Predictors of Sleep Problems


In Sleeping Through the Night, Mindell lists some things that predispose a child to sleep problems:

FIRSTBORN
Firstborn children are more likely to have sleep problems. This may be because parents are less tolerant of their child's cries and/or because they have more time and energy to devote to them. Parents are probably more likely to not be as strict about sleep rules with firstborns too.

SEX
Boys are more likely to have sleep problems than
girls. It isn't exactly known why, but parents have been shown to be less consistent with boys which certainly may add to this.

COLIC OR EAR INFECTIONS
Children that have colic or ear infections when they are young often develop sleep habits--while parents are trying to deal with these problems--that can cause problems later on.

SAME BED OR ROOM
Children that sleep in the same bed or room as their parents are more likely to wake more frequently at night time.

BREAST-FEEDING
Breastfed children are more likely to take longer to sleep through the night.

FOODS
Milk intolerance can cause sleep problems, although this is not very common. Introducing solid foods to infants has been shown, study after study, to not help them sleep longer at night.

MAJOR CHANGES
Any major change like new child care, a vacation, a developmental change or illness can cause sleep problems to start or return.

AWAKE OR ASLEEP?
Many studies have shown that infants who are put to bed awake sleep better than infants who are put to bed asleep. Easier said than done, huh?

2 comments :

  1. Hi, wondering if you have any suggestions for traveling after sleep training. Our 3.5 mo has been sttn for about three weeks, and we have our first vacation coming up tomorrow. I'm nervous about it, of course. If he wakes during the night at home, we would not go to him, as per our sleep training method. Should we continue with this policy while we're away? I'm worried that he'll be disturbed by strange surroundings. We share a bedroom with him and will while we're traveling. We'll be gone for about 10 days, same time zone. Thanks for any suggestions you can provide!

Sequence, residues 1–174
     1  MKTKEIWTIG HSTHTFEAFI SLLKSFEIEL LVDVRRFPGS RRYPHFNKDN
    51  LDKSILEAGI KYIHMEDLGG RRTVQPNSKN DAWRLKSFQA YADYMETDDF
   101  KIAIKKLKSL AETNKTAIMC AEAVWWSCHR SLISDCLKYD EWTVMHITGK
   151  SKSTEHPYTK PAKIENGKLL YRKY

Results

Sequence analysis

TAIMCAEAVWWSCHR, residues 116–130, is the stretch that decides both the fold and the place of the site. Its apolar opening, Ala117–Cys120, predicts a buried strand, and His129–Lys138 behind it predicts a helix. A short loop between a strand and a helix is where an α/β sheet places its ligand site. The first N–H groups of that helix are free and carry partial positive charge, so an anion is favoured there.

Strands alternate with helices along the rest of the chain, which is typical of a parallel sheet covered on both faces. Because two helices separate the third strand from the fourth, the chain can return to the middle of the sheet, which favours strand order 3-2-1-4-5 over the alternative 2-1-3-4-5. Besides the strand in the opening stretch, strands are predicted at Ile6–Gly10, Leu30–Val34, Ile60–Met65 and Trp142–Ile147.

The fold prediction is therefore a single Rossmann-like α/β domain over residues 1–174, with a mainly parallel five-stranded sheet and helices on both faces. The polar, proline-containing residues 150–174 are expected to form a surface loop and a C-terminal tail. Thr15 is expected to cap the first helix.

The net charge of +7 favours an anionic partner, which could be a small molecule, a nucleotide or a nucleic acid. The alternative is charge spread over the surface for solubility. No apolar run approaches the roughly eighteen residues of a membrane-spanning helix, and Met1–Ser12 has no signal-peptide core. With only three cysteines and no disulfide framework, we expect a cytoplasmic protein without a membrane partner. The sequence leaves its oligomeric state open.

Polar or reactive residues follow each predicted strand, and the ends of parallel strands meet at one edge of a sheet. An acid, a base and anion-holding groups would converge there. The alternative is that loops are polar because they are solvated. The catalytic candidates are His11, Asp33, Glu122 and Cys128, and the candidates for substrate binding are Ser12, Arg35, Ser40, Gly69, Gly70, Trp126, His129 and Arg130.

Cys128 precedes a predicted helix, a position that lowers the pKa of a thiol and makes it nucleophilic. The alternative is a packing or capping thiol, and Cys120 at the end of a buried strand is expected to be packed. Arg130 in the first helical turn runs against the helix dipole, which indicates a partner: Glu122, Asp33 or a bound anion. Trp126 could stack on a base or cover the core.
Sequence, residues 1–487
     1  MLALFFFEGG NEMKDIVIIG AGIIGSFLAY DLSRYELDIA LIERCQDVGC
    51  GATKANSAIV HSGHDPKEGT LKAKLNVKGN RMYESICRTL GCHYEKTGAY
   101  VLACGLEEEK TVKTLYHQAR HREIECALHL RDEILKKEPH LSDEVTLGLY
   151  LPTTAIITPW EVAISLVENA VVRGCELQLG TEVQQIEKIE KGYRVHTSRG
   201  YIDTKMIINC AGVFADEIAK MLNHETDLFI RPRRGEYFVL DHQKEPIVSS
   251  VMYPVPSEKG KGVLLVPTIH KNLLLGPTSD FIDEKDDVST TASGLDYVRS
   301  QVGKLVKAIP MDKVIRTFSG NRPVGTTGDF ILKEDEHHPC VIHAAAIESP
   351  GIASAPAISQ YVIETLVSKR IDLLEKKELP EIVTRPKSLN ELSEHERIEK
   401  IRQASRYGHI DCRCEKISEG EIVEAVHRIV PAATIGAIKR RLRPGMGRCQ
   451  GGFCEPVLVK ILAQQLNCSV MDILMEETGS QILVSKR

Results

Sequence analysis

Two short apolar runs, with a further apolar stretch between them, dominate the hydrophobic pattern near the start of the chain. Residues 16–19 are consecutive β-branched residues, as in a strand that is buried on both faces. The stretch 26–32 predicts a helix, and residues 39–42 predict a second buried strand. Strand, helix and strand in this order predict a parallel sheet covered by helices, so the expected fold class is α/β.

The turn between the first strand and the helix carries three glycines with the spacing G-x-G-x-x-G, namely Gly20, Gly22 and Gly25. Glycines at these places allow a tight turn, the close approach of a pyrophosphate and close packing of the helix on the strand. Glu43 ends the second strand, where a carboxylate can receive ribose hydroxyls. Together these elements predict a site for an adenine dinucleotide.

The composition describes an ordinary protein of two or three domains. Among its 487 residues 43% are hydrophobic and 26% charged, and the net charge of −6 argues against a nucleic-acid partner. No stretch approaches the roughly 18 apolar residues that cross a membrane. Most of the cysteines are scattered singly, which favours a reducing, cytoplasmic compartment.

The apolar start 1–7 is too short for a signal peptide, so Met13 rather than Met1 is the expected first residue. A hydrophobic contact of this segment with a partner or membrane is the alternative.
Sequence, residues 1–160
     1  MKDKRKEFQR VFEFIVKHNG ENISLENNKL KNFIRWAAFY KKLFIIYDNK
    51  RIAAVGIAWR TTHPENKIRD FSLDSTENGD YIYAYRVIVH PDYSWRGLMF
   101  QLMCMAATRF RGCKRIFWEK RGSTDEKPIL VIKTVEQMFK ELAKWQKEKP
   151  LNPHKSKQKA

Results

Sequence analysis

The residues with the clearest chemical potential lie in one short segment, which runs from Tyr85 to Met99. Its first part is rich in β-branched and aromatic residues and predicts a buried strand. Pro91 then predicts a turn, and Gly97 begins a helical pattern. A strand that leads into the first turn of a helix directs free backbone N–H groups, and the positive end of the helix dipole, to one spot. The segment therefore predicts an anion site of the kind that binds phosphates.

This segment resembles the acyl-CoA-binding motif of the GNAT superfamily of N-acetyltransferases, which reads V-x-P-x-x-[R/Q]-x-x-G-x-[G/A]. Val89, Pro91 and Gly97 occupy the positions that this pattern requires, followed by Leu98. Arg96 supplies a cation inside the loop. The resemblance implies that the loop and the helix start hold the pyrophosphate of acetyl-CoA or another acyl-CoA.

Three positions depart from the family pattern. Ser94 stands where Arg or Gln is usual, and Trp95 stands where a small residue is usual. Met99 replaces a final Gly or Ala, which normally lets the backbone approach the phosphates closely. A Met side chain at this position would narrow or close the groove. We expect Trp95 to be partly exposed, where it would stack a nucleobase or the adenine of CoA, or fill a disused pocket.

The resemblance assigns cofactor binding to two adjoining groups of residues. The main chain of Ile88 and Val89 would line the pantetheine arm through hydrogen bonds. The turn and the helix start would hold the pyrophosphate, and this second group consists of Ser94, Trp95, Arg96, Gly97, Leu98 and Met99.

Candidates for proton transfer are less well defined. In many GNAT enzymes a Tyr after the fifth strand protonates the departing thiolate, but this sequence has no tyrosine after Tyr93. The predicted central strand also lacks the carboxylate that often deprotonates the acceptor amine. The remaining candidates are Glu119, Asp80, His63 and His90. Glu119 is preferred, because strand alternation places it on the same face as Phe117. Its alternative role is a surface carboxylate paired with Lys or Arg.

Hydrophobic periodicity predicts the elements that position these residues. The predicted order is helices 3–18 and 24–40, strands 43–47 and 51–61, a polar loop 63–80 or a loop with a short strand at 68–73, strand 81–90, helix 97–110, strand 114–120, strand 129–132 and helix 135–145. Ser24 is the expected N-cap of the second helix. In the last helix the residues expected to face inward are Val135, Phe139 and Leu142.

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    Replies
    1. L. Morris,
      I treat travel a bit like I would treat a sick child. And of course, depending on the situation, I will vary what I do (if you are in a hotel, sharing a room with other people etc). I will offer the child only as much comfort as they need and try not to go overboard. But if I need to end up holding them to sleep or something to prevent them crying all night long, then I will. You don't want your entire trip ruined by a child being up all night and you do want to offer some comfort if they feel really nervous in a new place. Just jump back to things like normal when you get home and sleep should return to normal very quickly if you are consistent.


      best,
      rachel

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